Acne is a very common skin problem in adults. Since acne is more frequently found on the face, acne can have a considerable impact on a person’s self-esteem and confidence.
Aside from the face, acne may also be found on the back, upper trunk, and even on the deltoid areas. It may present as open comedones or “blackheads”, closed comedones or “whiteheads”, pustules, and small breakouts with redness of the skin.
Acne results from the inflammation of the pilosebaceous unit of the skin. The pilosebaceous unit is a collective term for the hair shaft, hair follicle, sebaceous gland, and the erector pili muscle in the skin.
Acne is more common and more intense in body areas where there are many oil glands, known as sebaceous glands. Areas with more oil, or sebum, production are more prone to acne because the bacteria (Cutibacterium acnes) that causes the inflammation, thrives in the sebum.When there are too many bacteria in the sebaceous glands, the pilosebaceous unit becomes inflamed and plugs, known as comedones, are formed.
Increased levels of androgenic hormones, such as testosterone, also cause acne breakouts. Androgens stimulate the sebaceous glands to produce more sebum. Since males have higher androgen levels than females, acne is more severe in males than females. Many associated factors can make you more prone to inflammation. A major factor is genetics. If your parents or siblings also manifest with acne, it is highly likely that the cause of your acne is genetics.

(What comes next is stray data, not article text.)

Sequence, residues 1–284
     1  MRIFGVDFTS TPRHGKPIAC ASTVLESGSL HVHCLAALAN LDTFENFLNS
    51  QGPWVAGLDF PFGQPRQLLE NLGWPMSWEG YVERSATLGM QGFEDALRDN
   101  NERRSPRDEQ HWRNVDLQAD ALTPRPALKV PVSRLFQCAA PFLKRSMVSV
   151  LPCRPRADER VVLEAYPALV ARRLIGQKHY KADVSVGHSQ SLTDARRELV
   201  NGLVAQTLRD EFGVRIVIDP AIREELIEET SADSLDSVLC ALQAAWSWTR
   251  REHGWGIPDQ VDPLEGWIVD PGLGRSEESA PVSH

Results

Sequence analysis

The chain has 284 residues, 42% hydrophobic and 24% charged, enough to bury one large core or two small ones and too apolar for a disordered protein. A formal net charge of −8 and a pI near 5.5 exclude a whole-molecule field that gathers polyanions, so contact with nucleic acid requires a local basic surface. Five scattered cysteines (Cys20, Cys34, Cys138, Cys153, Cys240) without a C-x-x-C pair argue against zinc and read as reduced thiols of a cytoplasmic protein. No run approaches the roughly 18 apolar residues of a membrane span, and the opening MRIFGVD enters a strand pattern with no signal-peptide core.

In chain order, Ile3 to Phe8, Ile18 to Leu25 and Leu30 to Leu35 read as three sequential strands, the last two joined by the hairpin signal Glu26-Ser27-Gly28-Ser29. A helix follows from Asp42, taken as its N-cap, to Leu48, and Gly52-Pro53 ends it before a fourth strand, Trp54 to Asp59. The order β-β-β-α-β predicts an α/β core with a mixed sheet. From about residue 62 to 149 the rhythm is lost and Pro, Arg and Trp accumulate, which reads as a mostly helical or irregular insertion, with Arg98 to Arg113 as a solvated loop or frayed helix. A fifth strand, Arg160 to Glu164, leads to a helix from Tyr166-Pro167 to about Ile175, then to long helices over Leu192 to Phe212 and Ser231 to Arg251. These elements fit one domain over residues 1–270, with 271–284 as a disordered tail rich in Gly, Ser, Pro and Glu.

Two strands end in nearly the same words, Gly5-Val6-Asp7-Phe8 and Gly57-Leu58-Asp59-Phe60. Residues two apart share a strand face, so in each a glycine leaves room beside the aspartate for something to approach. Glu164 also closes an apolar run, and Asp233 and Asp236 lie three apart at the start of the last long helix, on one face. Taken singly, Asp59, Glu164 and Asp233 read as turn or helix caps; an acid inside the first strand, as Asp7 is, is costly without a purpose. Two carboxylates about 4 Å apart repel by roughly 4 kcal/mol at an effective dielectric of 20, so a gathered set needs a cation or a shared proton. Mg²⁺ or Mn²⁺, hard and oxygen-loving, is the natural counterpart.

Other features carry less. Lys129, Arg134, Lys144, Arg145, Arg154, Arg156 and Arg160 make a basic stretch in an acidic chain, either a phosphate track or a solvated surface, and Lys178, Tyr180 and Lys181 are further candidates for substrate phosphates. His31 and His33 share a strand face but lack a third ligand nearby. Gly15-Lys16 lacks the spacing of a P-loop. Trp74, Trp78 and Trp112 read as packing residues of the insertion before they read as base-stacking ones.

Women with polycystic ovarian syndrome (PCOS) are also more prone to acne because PCOS causes androgen levels to increase. Higher androgen levels would then stimulate more sebum production, hence higher predisposition to acne.
Acne can be treated effectively and there are several treatment options for acne. The main goals of therapy include improving the physical appearance, relieve pain and discomfort caused by inflamed pustules and eruptions, and to prevent or reduce scarring.
Acne-causing bacteria, redness, and unregulated oil production can be managed by using purifying skin products that contain nourishing and healing substances. Be careful not to do excessive washing and scrubbing because this may irritate your skin and worsen the acne.
Noncomedogenic products are recommended for people who wear cosmetics. Noncomedogenic moisturizers may be applied on the face to reduce irritation. You may also be prescribed with topical medications such as retinoic acid, tretinoin, and topical antibiotics. It is important to consult your skin expert first before taking any medication for acne breakouts.
To prevent worsening of the acne, you should avoid some products or medications. For example, contraceptives that increase levels of androgens should be avoided. Medications such as corticosteroids, lithium, phenytoin, isoniazid, and medications that contain iodine may also aggravate acne.